The F-35 fighter is considered by many as the most lethal and versatile aircraft of the modern era.
Former Defense Secretary James Mattis even called the F-35 “critical” for the United States’ air superiority and praised its ability to integrate seamlessly with allies who have purchased the aircraft.
“The F-35 serves as the backbone of allied airpower for thirteen nations and counting,” Lockheed Martin claims on its website. “Playing a critical role in joint domain operations, the fighter brings unprecedented situational awareness, information sharing and connectivity to the coalition.”
F-35 Under Attack
However, according to Tobias Naegele of Air Force Magazine, “in the Battle of the Budget, the Air Force and its premier acquisition program, the F-35 fighter, is under attack. House Armed Services Committee Chairman Rep. Adam Smith launched his opening salvo, calling the F-35 ‘a rathole’ and saying he wants to ‘figure out how we can get a mix of fighter attack aircraft that’s the most cost-effective.’”
Naegele added that “it’s a curious choice of words. While the projected life-cycle costs for all three versions of the F-35 over a span of nearly forty years is $1.6 trillion, the $80 million-per-copy cost to acquire these jets is less than some last-generation aircraft—and a bargain considering the combat-multiplying effect of this vastly superior platform.”
He continued: “If the F-35 didn’t work—if it couldn’t evade radar, couldn’t fly in combat, couldn’t compete with the most sophisticated air defenses in the world—then it would be right to call it quits. But staying the course on F-35 is not buying into a ‘sunk cost fallacy,’ where one keeps doubling down on a losing bet in the hopes that things will turn around later.”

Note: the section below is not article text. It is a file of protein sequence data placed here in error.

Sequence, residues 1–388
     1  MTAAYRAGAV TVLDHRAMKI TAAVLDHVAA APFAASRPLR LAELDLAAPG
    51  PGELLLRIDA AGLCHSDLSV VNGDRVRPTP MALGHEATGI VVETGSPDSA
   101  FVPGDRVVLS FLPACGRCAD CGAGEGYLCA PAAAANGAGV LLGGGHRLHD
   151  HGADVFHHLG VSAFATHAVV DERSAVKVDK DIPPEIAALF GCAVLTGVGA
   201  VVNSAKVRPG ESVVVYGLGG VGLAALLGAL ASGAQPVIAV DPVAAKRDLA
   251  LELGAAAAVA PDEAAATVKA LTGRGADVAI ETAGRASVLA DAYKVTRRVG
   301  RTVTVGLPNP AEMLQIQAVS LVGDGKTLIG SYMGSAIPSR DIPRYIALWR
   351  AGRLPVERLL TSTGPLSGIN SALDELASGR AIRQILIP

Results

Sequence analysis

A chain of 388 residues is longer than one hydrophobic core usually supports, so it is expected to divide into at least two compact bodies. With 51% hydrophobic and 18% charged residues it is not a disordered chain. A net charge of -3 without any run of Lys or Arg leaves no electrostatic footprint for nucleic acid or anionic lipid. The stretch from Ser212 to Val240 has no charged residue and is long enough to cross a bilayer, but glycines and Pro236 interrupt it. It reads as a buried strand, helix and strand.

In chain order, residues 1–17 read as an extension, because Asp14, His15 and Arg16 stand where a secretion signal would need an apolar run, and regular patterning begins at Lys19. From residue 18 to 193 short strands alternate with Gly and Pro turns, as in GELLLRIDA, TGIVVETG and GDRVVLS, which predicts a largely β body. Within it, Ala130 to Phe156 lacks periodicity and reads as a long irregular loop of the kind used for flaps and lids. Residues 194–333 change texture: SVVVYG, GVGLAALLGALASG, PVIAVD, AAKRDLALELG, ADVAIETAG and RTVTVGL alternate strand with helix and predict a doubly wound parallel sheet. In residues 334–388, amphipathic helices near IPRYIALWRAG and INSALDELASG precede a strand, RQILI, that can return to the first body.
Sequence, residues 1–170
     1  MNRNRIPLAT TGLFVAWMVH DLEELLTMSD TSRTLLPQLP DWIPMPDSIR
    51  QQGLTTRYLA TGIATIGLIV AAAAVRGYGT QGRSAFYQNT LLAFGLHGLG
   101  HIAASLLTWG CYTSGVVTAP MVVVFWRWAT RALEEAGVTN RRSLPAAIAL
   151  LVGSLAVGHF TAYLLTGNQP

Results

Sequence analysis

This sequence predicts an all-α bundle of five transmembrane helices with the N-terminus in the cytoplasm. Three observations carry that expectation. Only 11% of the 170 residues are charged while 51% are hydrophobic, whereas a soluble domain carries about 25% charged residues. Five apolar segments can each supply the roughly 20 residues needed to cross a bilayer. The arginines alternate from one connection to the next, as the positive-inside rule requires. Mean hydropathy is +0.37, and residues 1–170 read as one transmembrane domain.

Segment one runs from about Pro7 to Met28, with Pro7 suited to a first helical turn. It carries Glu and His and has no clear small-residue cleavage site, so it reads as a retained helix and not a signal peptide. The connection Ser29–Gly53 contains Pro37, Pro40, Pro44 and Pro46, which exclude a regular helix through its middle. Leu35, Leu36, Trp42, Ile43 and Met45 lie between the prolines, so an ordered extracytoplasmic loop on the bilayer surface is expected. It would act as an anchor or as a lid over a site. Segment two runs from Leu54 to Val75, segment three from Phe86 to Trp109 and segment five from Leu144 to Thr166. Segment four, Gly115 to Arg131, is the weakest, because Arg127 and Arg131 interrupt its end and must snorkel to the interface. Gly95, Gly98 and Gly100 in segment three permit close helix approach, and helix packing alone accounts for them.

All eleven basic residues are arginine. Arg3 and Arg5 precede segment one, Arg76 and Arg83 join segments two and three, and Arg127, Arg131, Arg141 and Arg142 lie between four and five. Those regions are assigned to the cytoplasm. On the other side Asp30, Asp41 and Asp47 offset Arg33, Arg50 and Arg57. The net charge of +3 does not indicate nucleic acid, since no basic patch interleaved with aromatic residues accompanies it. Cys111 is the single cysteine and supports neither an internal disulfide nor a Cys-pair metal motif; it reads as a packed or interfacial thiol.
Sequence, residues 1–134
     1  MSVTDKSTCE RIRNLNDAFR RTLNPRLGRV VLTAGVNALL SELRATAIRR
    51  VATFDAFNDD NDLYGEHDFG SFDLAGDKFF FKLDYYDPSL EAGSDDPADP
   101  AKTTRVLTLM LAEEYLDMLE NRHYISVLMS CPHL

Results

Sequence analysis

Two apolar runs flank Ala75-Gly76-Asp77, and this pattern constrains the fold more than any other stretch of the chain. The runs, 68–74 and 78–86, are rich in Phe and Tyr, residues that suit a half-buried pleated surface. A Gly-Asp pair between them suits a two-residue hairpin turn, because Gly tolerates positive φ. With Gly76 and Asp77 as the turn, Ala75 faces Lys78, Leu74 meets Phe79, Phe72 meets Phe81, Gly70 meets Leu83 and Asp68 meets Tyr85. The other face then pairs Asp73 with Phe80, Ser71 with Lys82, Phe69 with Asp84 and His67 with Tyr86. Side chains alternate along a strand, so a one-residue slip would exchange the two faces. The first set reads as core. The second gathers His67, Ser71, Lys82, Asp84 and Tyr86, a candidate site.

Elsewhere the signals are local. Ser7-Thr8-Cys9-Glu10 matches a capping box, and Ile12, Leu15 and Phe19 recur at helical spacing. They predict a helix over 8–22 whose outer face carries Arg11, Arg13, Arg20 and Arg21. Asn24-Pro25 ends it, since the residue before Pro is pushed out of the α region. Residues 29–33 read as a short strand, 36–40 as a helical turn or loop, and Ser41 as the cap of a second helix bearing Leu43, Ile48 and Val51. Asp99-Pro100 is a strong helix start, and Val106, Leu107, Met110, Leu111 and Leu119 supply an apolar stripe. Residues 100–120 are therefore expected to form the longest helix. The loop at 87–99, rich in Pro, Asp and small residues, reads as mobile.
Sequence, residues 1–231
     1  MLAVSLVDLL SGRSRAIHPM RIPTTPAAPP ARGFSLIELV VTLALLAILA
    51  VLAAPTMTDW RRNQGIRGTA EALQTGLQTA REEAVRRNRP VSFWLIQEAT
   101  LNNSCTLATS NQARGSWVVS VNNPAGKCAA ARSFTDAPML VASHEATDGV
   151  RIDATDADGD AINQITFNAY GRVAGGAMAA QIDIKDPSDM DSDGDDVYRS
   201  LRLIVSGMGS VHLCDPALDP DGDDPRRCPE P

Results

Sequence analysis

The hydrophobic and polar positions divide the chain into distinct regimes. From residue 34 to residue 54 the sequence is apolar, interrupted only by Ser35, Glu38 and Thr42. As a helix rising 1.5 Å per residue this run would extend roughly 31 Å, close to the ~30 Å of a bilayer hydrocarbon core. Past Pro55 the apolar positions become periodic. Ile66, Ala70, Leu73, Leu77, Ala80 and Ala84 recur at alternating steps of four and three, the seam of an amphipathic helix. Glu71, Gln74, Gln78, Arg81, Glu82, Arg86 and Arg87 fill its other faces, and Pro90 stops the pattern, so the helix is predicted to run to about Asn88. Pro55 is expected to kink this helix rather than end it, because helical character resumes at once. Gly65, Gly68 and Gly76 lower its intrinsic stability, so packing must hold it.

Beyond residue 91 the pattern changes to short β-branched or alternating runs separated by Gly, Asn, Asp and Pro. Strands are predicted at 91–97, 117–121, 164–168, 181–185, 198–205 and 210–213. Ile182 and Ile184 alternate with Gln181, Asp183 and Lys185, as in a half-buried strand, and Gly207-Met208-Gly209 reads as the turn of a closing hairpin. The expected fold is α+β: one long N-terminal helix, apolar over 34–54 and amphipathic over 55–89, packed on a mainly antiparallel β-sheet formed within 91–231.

Already a Success
According to Naegele and many other aviation enthusiasts and experts, the F-35 is already a roaring success. In the Red Flag exercises, the U.S. Air Force’s premier air combat exercise, pilots only have “raved about the jet’s performance,” even registering a 20-to-1 kill ratio against a simulated enemy.
Ryan Pickrell of Business Insider noted that “the first details from the exercise suggest that the fifth-generation stealth fighters dominated the opposition, with even novice pilots racking up kills.”
The U.S. Air Force put the F-35 up against “the most advanced weapons systems out there” during a recent Red Flag exercise.
“Even in this extremely challenging environment, the F-35 didn’t have many difficulties doing its job,” Col. Joshua Wood, 388th Operations Group commander, explained in a U.S. Air Force statement.
“My wingman was a brand-new F-35A pilot, seven or eight flights out of training. He gets on the radio and tells an experienced 3,000-hour pilot in a very capable fourth-generation aircraft. ‘Hey bud, you need to turn around. You’re about to die. There’s a threat off your nose,’” he continued.
The pilot eventually took out the enemy jet and then went on to net three more “kills.”
“I’ve never seen anything like it before,” Wood said.
Ethen Kim Lieser is a Washington state-based Science and Tech Editor who has held posts at Google, The Korea Herald, Lincoln Journal Star, AsianWeek, and Arirang TV. Follow or contact him on LinkedIn.